A Platonic Dialogue: Preimplantation Genetic Diagnosis

By: John Van Swearingen, Student at Wake Forest University School of Law

John Van Swearingen is featured in our Author Spotlight section. You can read his interview about his piece here.

Let us assume that Plato and Socrates were alive today, and they sat down together after an enlightening Bioethics class to discuss the topic of the day one-on-one. Ever the obstinate instructor, Socrates has committed himself to challenging Plato’s thoughts every step of the way…

Continue reading “A Platonic Dialogue: Preimplantation Genetic Diagnosis”

H.R. 1313 Undermines Health Privacy Protections

By: Hailey Cleek, JD/MA Bioethics Student at Wake Forest University

Sponsored by Rep. Virginia Foxx [R-NC-5], H.R. 1313, titled “Preserving Employee Wellness Programs Act”, allows employers to offer health insurance premium rebates to workers who take part in company wellness programs that may include submitting to “health risk assessments” through genetic testing. While H.R. 1313 does not require employees to enroll in such programs, it has received strong criticism by organizations such as the American Society of Human Genetics, American Academy of Pediatrics, AARP, and National Council on Disability due to its potential penalties for refusing genetic testing.

Continue reading “H.R. 1313 Undermines Health Privacy Protections”

The Post-Modern Prometheus

By: Perrin B. Fourmy, Associate at Bell Nunnally & Martin LLP

Photo by Chevalie R.

“Dr. Thompson, it’s all over.”

A man with a badge and a walkie talkie was explaining to the lab coats and suits that they could come back inside.  It was just another false alarm.  Dr. Thompson had gotten used to these, but sometimes work had to be scrapped and started again because of the delays.  These interruptions were even more troublesome for researchers, but in recent months, his specific responsibilities had shifted more towards management.  He enjoyed his work less since leaving the lab, but that was the price he paid for success.  One of the prices, at least.

Continue reading “The Post-Modern Prometheus”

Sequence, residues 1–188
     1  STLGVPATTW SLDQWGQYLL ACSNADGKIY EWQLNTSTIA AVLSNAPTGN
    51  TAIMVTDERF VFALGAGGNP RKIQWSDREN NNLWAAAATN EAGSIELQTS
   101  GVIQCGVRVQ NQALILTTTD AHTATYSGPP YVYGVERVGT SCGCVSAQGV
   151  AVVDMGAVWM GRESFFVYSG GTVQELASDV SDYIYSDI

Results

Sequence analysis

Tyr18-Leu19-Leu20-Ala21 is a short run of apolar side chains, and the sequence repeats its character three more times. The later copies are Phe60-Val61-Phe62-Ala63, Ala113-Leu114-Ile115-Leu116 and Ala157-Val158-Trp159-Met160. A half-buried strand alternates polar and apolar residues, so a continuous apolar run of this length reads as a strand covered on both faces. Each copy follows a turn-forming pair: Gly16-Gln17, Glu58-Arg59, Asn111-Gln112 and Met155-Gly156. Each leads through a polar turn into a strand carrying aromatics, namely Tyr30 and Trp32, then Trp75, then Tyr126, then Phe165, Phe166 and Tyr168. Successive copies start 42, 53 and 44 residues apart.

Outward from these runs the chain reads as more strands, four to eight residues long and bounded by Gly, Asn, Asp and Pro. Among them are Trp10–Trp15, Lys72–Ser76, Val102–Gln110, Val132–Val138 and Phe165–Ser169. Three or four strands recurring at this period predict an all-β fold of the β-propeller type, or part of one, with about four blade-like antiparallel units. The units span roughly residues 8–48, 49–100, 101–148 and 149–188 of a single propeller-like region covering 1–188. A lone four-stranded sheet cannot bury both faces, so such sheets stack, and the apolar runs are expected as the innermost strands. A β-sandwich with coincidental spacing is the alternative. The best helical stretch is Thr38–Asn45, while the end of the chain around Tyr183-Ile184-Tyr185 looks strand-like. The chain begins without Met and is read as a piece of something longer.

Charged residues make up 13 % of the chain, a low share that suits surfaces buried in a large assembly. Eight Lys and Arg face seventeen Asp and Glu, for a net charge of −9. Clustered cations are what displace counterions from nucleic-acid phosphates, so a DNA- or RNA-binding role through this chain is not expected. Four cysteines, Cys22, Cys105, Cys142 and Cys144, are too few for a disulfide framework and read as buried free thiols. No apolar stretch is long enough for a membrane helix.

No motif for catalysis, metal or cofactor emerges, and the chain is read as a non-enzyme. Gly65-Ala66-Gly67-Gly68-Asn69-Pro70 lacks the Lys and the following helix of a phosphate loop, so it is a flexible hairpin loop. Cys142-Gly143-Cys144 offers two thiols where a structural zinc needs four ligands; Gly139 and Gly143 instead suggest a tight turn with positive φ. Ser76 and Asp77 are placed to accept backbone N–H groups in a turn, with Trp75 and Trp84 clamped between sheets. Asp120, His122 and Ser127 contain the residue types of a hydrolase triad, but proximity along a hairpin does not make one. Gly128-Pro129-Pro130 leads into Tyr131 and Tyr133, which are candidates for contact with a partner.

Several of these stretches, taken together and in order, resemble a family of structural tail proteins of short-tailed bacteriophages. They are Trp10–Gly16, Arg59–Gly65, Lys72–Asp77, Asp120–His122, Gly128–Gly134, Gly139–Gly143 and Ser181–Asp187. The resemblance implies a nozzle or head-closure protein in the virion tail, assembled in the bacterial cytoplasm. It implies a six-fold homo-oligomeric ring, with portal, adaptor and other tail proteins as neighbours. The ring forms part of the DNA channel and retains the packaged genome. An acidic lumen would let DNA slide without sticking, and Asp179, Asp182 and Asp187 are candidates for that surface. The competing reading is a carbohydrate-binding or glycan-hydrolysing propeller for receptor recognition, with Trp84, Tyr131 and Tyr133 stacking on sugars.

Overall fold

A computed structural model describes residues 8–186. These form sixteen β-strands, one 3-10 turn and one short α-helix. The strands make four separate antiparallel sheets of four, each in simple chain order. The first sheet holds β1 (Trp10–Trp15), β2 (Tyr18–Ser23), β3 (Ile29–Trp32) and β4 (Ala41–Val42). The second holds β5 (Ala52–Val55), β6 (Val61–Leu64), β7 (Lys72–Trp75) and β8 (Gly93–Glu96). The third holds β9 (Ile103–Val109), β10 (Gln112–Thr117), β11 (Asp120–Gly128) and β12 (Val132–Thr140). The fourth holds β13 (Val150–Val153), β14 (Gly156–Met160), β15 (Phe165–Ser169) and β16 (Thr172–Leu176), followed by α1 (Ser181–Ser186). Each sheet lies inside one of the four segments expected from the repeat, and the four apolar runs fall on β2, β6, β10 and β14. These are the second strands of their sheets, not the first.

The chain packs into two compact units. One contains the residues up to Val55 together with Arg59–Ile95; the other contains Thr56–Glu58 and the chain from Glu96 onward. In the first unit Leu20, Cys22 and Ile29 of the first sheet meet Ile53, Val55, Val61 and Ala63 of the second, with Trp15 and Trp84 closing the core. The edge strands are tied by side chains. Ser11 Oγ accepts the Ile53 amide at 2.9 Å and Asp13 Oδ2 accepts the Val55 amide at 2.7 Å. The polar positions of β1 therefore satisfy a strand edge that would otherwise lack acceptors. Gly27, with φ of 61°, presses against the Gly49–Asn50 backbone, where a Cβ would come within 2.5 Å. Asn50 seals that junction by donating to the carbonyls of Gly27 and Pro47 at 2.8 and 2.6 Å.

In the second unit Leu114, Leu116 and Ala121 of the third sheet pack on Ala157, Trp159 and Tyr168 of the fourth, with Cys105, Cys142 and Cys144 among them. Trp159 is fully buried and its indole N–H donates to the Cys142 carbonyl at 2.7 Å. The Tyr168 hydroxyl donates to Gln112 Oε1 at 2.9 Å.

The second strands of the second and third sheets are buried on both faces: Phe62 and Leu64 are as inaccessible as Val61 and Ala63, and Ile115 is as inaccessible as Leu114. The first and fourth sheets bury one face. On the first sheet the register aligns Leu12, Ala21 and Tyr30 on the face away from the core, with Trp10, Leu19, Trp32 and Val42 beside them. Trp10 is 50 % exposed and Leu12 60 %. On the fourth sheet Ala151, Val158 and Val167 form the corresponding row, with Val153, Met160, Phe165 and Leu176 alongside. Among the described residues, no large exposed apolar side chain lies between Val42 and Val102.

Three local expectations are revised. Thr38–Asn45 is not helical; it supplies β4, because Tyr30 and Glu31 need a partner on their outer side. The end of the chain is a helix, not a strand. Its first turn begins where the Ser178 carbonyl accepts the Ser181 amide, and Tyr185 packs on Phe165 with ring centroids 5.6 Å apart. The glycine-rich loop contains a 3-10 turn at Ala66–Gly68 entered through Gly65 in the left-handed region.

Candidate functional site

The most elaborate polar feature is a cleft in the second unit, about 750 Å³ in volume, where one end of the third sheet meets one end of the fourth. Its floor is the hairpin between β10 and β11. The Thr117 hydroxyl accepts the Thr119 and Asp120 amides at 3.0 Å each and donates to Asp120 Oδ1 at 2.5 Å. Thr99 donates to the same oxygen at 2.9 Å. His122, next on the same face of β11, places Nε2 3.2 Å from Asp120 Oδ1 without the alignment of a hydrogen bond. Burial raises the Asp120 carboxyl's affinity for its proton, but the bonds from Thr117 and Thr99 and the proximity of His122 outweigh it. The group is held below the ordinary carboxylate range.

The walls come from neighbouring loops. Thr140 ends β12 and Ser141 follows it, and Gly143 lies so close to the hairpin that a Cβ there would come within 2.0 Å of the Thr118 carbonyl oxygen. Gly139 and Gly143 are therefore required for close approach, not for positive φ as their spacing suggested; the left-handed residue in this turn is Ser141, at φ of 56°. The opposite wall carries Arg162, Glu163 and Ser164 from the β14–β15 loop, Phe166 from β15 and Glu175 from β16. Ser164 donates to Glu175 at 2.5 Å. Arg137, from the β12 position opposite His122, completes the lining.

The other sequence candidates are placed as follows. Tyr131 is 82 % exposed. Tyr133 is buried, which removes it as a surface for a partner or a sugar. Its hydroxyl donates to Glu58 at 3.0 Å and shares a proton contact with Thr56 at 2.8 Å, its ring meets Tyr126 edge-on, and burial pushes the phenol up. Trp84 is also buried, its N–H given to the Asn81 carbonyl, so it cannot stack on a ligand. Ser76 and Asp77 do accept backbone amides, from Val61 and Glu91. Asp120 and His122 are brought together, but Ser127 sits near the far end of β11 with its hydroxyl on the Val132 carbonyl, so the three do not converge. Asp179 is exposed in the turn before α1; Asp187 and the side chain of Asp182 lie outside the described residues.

By: Mark J. Vaders, Counsel at Womble Carlyle Sandridge & Rice, LLP

Photo by DVIDS

Louis Wooten hadn’t always been a jealous man.  He reflected on that fact as he sat, watching the steady trickle of foot traffic flowing through Jefferson Park.  It was a gorgeous May morning, the first after an abnormally chilly spring, and the locals were out in force.  One of the joggers huffed toward him, her lithe feet pounding a steady cadence in the crushed pea gravel.  Louis watched her as she passed, admiring how each step slid fluidly into the next.  Envy gnawed at him tentatively, but he pushed it away.  He wasn’t going to feel sorry for himself today.  He was here to make a decision, and he needed to clear his head. Continue reading “Jilted”

A Day in the Trades

By: Jacob B. Hansen, Associate at Kirkland & Ellis LLP

Photo by Jacob Trbovich

The following takes place in 2685, nearly five centuries after the Third Great War. Terms that may not be familiar to all readers are set in bold the first time they appear and are annotated in the Glossary which follows the story.

“Do I hear three-million? Three-million to number 63, do I hear three point five? Three point five to 86, do I hear four-million? Four-million to our man on the phone, do I hear four point five?”

“Eight-million,” says number 63, a stocky black man with a wispy mustache and graying hair. Continue reading “A Day in the Trades”